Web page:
Onstage, Offstage: Theater and the Naga Past
The colegialas must have been surprised to see a serious play – not a musical – being staged right there on the hallowed stage of their auditorium.
Growing up in this city that was a town, CSI theater tradition was about Broadway and musicals. The auditorium was the only place to hold concerts of the serious kind. Whenever visiting classical artists would come, the CSI auditorium was the place for them. Pianists, violinists, sopranos honored that place. It was the only place in Naga then where people dressed up to attend performances. It did not matter if they would not be able to distinguish a concerto from a symphony, one went to the venue to see and be seen.
All this changed when we staged Friedrich Dürrenmatt’s The Visit, translated/adapted into Tagalog/Filipino by Lino Brocka and Mario O’Hara and renamed Doña Clara.
The story was about Clara, a woman who fell in love with a man in a small village, betrayed and left in shame her family. In the big city, she turned to prostitution and became the richest woman of the world. She would return to her small town and would bribe the citizens of the town, promising wealth and resources if they would follow her command – that they kill Antonio, the man she loved and the man that broke her heart and life.
When Doña Clara was staged in 1969 by the Philippine Educational Theater Association (PETA), they knew they were dealing with a bigger-than-life drama. The woman, Claire Zachanassian, was not merely a woman but a symbol of greed and the power of capital over human virtues. The producers therefore had to present a woman that stood for beauty and brains and the strength that came with the combination.
Convinced to portray the goddess of revenge was Pacita de los Reyes-Phillips, a Carnival Queen of the 1920s and a pre-war bar topnotcher. Remember that the woman in the play was attended by eunuchs and had a leopard for a pet. In the translation, the cat became a panther because translated, “pantero” sounded grander -and more sensual than “leopardo.”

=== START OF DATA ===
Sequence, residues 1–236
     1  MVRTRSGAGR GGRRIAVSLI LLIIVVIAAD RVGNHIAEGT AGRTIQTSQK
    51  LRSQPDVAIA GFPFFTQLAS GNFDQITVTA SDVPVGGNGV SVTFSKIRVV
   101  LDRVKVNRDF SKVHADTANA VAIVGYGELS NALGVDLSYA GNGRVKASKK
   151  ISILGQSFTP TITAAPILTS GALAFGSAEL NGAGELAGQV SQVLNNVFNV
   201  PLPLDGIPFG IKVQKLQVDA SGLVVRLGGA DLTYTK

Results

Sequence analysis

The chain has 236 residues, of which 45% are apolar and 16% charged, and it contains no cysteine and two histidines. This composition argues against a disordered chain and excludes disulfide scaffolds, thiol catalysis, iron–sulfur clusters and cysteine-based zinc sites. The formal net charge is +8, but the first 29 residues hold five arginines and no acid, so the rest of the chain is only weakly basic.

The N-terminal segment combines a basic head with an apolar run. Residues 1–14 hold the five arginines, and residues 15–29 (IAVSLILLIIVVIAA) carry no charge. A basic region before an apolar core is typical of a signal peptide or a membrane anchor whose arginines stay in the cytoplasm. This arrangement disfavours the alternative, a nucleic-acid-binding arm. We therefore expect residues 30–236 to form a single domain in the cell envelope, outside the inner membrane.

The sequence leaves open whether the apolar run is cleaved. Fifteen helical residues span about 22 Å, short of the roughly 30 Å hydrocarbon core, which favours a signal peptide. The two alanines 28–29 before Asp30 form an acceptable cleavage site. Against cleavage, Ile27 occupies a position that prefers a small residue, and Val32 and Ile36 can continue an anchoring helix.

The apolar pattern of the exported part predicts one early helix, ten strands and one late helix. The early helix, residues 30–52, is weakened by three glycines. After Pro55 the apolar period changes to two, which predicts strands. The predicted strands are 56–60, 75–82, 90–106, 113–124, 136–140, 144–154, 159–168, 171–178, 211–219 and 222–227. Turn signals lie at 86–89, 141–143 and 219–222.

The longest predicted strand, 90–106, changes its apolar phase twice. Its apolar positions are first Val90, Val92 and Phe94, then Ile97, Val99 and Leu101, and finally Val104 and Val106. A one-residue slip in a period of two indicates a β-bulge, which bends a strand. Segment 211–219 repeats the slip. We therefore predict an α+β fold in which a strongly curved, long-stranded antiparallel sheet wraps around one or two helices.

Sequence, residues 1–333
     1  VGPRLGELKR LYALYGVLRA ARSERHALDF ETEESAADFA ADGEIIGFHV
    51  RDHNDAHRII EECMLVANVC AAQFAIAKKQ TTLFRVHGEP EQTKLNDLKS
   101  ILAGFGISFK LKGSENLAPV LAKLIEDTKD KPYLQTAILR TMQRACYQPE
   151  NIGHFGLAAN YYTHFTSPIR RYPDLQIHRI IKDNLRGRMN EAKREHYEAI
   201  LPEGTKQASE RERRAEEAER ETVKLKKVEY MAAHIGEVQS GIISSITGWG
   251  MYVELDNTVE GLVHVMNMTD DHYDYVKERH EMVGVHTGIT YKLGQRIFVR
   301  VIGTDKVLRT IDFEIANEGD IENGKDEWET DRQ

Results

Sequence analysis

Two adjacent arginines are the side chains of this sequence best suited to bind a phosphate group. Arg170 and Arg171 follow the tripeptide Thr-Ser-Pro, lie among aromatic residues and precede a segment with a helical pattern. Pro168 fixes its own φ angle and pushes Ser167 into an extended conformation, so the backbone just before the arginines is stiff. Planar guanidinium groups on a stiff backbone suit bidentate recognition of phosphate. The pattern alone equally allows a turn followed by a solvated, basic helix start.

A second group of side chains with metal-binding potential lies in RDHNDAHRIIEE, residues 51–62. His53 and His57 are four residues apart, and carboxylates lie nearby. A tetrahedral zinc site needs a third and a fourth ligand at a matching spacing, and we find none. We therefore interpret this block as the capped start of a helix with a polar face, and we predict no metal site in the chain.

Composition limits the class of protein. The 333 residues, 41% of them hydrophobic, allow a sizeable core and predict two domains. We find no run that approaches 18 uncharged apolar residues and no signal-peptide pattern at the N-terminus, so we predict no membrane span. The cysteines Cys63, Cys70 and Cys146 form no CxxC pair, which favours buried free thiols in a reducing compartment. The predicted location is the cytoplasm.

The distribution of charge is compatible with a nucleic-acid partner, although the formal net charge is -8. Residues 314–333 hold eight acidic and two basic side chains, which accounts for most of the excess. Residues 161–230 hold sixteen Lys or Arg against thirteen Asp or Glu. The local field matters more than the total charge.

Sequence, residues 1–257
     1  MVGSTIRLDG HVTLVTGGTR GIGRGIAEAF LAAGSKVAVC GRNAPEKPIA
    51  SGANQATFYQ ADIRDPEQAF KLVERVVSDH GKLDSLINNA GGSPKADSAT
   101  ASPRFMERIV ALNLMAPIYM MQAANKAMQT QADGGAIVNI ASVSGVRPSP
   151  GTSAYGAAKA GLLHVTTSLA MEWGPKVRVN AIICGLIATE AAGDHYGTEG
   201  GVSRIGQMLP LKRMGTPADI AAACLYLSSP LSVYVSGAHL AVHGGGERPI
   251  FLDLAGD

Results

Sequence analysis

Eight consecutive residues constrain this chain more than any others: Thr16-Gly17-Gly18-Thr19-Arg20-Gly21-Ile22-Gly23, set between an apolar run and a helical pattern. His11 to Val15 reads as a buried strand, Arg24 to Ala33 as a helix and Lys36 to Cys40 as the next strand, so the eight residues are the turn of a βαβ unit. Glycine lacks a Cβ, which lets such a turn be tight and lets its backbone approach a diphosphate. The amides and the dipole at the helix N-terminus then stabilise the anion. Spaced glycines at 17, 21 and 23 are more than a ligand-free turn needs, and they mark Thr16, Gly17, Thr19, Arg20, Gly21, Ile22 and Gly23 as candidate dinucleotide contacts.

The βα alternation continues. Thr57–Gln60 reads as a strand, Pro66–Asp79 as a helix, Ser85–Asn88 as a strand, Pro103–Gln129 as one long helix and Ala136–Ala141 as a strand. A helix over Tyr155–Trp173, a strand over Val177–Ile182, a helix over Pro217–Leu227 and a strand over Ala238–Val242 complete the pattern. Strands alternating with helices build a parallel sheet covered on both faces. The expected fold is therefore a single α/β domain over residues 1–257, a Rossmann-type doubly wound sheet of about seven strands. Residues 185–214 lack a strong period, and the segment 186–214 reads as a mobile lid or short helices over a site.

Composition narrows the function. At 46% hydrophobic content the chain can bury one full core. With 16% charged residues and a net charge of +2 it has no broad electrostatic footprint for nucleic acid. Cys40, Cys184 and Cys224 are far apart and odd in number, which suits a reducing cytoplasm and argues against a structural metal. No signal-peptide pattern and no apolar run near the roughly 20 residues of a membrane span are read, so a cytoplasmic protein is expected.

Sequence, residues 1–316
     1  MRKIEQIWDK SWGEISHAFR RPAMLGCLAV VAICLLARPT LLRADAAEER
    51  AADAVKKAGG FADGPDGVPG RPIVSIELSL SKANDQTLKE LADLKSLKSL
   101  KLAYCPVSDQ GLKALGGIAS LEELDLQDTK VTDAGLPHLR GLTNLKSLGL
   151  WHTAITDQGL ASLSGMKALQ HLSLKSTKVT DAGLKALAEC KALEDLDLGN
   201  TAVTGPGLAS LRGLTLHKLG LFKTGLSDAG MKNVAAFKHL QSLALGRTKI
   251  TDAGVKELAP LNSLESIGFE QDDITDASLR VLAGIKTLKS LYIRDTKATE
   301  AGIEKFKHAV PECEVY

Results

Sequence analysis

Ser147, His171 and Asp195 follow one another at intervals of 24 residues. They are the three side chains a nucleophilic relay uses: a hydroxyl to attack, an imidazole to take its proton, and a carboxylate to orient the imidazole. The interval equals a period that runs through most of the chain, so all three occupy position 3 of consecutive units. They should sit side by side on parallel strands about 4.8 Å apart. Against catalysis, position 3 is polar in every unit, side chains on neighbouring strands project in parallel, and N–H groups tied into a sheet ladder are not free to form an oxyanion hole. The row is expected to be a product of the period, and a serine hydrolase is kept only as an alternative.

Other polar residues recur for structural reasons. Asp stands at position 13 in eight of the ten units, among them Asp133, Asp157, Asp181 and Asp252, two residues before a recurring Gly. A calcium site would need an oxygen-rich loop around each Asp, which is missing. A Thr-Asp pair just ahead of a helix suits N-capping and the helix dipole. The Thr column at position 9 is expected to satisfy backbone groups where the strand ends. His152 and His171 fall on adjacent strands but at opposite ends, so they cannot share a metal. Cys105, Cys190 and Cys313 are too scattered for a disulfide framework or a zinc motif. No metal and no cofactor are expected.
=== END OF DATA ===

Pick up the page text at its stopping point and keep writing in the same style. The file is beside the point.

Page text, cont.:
We replicated this interesting problem in Naga. Who could play this unforgiving, cruel, elegant bi-ch? Then we recalled Rebecca Alcala was back in Naga. Tall, patrician and with a voice that could slice through pretensions and a laughter that had the ring of mortal sin, Becky used to do theater in Ateneo. She agreed to do the role.
Actors from Ateneo, UNC, and other schools were invited. There were also some male students from CSI, known then as Isabelinos.
The rehearsals were fun. A man who was an engineer, presented himself as lighting expert. During the first technical rehearsal, he had an unusual request: we should follow where the spot was hitting the stage! At first, we thought that was a new way of doing theater. But as the rehearsals went on, we were all getting confused as we tried to express the lines of our character even as we had to look up to the upper part of the auditorium to determine where he would be bringing the spotlight. In the end, Chito Fanglow saw the wisdom of scrapping his part and bringing back the correct dramatic tradition – the actor is supreme above the special effects.
Becky as Doña Clara had the best scenes and the best lines. The production made sure she was given a royal treatment befitting the character A divan that doubled as a palanquin, or a box that was borne on two horizontal poles, was built for her Doña Clara. Already tall, Becky, as the avenging lover, towered even more over everyone.
In the true tradition of epic theater, we broke the “fourth wall” and brought the actions closer to the audience. This allowed Becky to deliver her expletives right down where the guests could look up to her and appear to be the receiver of her poisoned words.
For some reason unknown, the Madres never attended our rehearsals. They did not come for the dress rehearsal and critics’ night. They were there, however, during the gala night.
One of the most intense scenes in the play called for Antonio, the duplicitous lover, to go to the train station hoping to escape his execution in the hands of the town officials. When he got there, all the great men of the town were all there, waiting for him. Then, in a dramatic flourish, Becky as Doña Clara shouted that all exits should be blocked. This was the signal for the crew to run to all the doors of the auditorium and bang all these doors closed. Many in the audience gasped and cried; some uttered,”esus.”
But the terror was yet to begin. Becky descended from the stage and climbed to her wooden throne before it was hoisted. Looking down on everyone now, she delivered the lines: Ginawa akong puta ng daigdig na ito! Pwes gagawin kong isang BAHAY NG PUTA! ang daigdig na ito!
There were more gasps in the audience and from the Madres rose in faint unison: Jesusmariajosef!
I do not remember if we ever performed again in the CSI auditorium after that. But, I think that night, many of those in the audience discovered a new form of theater, a different kind of entertainment.
From a reliable source, Becky became a nun herself. I am not sure though if her decision had something to do with the role of Doña Clara, which she played with such aplomb and grace.